Dirt 4 may no longer bear the name of the legendary, late rally driver Colin McRae, but his legacy lives on in its DNA – the franchise evolved from the Colin McRae Rally games. In one aspect, Dirt 4 marks a return to the franchise’s roots: unlike Dirt 3, it doesn’t feature the king of “hooning”, Ken Block, and the precision-driving Gymkhana mode is absent.
But while the original core discipline of rallying is very much the focus of Dirt 4, it isn’t just a rally game: it also features rallycross (proper racing on hybrid dirt/tarmac tracks) as well as Land Rush – off-road buggy, truck and kart racing. But it does major on incredibly authentic rallying, in lovingly reproduced versions of real cars (including an impressive roster of classics), on courses from a carefully chosen selection of countries that reflect the wildly varying conditions that real-life rally drivers face: rainy Wales, snowy Sweden, the fast but precarious tarmac of Spain and the dusty environs of Australia and the US.
Fire up Dirt 4 and you’re instantly pitched into a pretty gentle rally stage, designed more than anything to assess your driving skills and set the game’s difficulty (plus driver aids) accordingly. As soon as you begin the Career mode proper, one major difference in comparison with previous Dirt games becomes apparent. It’s way more forgiving than any of its predecessors, which tended to assume you have similar skills to the likes of McRae and Block. That instantly makes it a more inclusive game, bringing appeal to those seeking a more arcade-style driving experience.
Which is not to say that Dirt 4 has in any way abandoned its authentic rallying credentials. Crank up the difficulty levels, turn the driver aids off and you have a full-blown rallying simulator, which replicates real life in startling fashion. Codemasters has clearly striven to give Dirt 4 the widest possible appeal.
Structurally, Dirt 4’s Career mode deviates from previous iterations, and does so quite impressively. It adds a sim-game element by putting you in charge of your own team. So you must do things like design your own livery (via an excellent system that encourages extreme garishness) and, as you earn prize-money, recruit engineers, PR people, researchers and the like. They will allow you to upgrade your cars and enter a wider variety of events. Car-purchasing is a key element of the game: you swiftly acquire a choice of which rallies to enter, so you’ll need to acquire eligible machinery.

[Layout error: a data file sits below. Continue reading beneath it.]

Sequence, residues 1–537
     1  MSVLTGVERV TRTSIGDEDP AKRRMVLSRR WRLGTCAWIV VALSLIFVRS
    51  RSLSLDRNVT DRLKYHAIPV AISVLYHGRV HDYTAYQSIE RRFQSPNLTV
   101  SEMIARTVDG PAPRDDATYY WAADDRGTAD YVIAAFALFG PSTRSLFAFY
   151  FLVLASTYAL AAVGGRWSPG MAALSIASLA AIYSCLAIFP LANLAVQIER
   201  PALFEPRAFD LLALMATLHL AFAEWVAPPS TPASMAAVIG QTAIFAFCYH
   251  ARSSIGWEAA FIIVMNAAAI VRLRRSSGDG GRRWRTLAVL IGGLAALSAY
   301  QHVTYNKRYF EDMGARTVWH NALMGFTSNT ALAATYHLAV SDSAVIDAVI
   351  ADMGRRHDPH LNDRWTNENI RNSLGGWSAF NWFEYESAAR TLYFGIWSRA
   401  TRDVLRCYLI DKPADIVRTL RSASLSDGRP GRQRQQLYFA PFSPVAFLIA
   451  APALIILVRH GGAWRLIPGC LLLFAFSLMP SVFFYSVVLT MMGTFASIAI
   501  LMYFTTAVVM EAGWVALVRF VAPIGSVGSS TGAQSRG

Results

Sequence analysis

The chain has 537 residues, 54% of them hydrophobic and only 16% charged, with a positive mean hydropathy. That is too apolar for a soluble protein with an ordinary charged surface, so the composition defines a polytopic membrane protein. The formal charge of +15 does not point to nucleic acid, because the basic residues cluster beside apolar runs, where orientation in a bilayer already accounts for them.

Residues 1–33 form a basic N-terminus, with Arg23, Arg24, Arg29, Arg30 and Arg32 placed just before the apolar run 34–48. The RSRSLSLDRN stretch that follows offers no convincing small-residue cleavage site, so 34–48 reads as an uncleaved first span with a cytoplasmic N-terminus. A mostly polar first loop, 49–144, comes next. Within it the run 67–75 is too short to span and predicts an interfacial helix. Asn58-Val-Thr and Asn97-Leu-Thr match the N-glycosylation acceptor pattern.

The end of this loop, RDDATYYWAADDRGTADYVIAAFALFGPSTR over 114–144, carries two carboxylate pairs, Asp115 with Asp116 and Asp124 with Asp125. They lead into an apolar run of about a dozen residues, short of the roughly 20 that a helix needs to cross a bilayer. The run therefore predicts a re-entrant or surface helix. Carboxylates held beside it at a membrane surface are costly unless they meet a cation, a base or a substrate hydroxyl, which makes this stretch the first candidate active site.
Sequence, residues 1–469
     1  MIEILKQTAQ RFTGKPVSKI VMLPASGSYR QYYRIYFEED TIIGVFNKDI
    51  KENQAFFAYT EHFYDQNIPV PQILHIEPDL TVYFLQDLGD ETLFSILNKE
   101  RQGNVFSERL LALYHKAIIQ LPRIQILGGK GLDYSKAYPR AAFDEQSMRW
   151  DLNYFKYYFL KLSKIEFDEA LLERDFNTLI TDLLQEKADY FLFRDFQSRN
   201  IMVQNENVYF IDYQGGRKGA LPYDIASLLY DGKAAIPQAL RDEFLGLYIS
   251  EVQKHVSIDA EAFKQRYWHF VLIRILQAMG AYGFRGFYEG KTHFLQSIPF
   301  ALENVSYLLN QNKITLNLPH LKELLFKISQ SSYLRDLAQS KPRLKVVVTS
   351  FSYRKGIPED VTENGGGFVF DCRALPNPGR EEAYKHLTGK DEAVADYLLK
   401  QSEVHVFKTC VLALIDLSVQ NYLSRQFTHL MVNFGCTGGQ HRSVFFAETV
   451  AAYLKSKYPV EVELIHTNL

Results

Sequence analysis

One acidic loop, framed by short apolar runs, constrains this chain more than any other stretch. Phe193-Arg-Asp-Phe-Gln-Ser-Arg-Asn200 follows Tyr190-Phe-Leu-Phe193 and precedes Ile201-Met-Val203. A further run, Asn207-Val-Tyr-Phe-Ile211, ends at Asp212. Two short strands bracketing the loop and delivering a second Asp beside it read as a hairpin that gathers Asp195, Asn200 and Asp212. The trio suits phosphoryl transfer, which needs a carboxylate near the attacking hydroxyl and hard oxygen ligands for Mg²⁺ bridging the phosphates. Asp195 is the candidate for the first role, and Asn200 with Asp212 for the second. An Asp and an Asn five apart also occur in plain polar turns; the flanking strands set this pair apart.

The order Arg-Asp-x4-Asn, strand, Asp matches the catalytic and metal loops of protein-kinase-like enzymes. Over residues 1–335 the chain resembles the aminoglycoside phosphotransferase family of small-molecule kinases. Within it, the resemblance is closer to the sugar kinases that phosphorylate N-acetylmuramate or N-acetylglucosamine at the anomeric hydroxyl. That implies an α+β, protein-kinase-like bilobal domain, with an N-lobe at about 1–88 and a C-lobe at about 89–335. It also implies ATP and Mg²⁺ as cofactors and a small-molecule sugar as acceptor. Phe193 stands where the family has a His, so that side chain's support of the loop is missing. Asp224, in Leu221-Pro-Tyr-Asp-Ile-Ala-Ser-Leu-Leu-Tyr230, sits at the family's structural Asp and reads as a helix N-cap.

Your rallying career starts off in very gentle fashion, in low-level, national rallies, up against opposition whose skills are as undeveloped as yours – in the past, one tiny mistake would have sent you to the back of the field, but unless you crank up the difficulty, you can get away with indiscretions in the earlier stages of Dirt 4’s Career mode and still win rallies. As you earn your international licence, difficulty naturally increases, but the difficulty curve remains admirably progressive for a rallying game.
At any time, you can jump into Rallycross or Land Rush, providing a markedly different driving experience characterised by brutal, full-contact racing. In both modes, the tracks are great, but the buggies and karts in Land Rush are authentically twitchy, so take some getting used to. While they are pretty diverting, the rallying definitely feels like the heart of the game.
And Dirt 4 is a pretty meaty game, containing plenty of other elements. The online side, augmented by Codemasters’ famed RaceNet system which fosters the impression of being part of an authentic motor-racing community, provides a bewildering number of options for racing against human opposition.
Plus there’s the Dirt Academy, into which you’re dropped before you launch Career mode, and to which you can return at any time. It’s basically a rally-driving playground which contains a fabulous guide to the most advanced driving techniques – including the likes of trail-braking, pendulum-cornering and the principles of weight-transfer. Unlike, say, Gran Turismo, it doesn’t force you to take tests, but it will leave you with all the knowledge you need to go rallying in real-life. There are a couple of mini-games which are a bit reminiscent of Dirt 3’s Gymkhana in there too, but they are rather tucked away.
And if you finish Career mode and beat everyone online, there’s yet another way in which you can test yourself. Entitled Freeplay, it lets you pick a country, weather conditions, time of day and so on, and set up a championship over procedurally generated tracks which, by definition, will never repeat themselves.
Dirt 4 is simply the best rallying game that you can get your hands on right now. It’s substantial and authentic yet, unlike its predecessors, has just as much appeal for those new to rallying games as for those who fancy themselves as aspiring rally-drivers or e-sports stars. It may not be flashy or extroverted, but it’s a very fine game.